The mucous membrane lesions are sores that are often found in and around the mouth, vaginal, and anal areas.
During this stage of syphilis, the symptoms and signs of syphilis disappear and become dormant. This stage can last for years with no obvious signs of syphilis.
The tertiary stage of syphilis usually occurs 10 to 30 years after the previous stages if the infection isn’t treated. If this stage of syphilis does occur, it usually spreads and attacks a number of organs and their systems like the brain, the heart, and nerves. Continuing to leave this untreated can result in paralysis, blindness, dementia, deafness, impotence, and even death.
It is during the tertiary stage (typically around the 15-year mark) of the infection that gummatous syphilis can occur. This form of syphilis involves the formation of chronic gummas, a type of soft, tumor-like masses that can develop in the skin, bones, and liver. These usually disappear after medical treatment has been completed.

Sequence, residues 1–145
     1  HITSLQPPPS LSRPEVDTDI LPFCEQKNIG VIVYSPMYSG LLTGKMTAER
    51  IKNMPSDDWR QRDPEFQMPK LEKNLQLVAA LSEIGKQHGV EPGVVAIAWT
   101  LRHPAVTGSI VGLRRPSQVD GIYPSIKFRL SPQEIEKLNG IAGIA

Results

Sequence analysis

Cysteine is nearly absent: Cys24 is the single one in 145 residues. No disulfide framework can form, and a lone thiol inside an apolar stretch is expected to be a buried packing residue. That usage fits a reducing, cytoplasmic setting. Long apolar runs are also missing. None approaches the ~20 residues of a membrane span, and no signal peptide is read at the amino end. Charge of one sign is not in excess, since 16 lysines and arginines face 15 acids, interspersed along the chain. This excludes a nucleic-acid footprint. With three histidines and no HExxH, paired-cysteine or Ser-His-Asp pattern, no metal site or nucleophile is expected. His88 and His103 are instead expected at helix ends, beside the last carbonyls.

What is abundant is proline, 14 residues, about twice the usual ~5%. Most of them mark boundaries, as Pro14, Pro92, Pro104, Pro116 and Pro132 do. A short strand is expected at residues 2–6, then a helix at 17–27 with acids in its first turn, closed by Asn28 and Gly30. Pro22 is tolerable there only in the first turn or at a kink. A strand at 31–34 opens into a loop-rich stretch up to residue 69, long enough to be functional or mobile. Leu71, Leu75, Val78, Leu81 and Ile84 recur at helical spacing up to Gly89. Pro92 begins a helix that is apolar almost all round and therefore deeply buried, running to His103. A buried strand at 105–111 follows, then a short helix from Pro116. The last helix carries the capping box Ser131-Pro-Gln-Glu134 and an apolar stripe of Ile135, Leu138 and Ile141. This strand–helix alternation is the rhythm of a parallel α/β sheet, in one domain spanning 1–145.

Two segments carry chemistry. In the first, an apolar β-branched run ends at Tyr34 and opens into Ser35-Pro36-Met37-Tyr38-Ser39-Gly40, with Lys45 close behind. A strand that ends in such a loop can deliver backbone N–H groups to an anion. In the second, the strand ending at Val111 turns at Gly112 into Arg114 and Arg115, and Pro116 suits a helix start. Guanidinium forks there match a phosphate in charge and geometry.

While not actual stages themselves, syphilis can spread to the brain, nervous system, and eyes to become neurosyphilis and ocular syphilis.
Ocular syphilis can lead to changes in your vision and the possibility of blindness. Neurosyphilis can often have symptoms like:
- Severe headaches
- Trouble coordinating the movements of your muscles
- Paralysis (this can affect one part of your body or even multiple areas)
It should be noted that during the first two stages of the infection, the sufferer is still very contagious. Contagiousness decreases during the latent stage, and is non-existent during the tertiary stage.
What Causes Syphilis?
Syphilis is an infection caused by the bacterium Treponema pallidum. The infection is primarily transmitted by sexual contact (including vaginal, anal, and oral contact), but is not limited to these forms. Kissing the areas near or on open sores can lead to transmission of the bacteria as well.
Women who are pregnant and infected with syphilis can pass it to their unborn child. Mothers with chancres on the breasts, including nipples or areolae, risk spreading the infection to any nursing children.
Treponema pallidum dies quickly outside of the human body. This means that contracting syphilis from objects like toilets seats, utensils and other shared personal spaces/items is nearly impossible.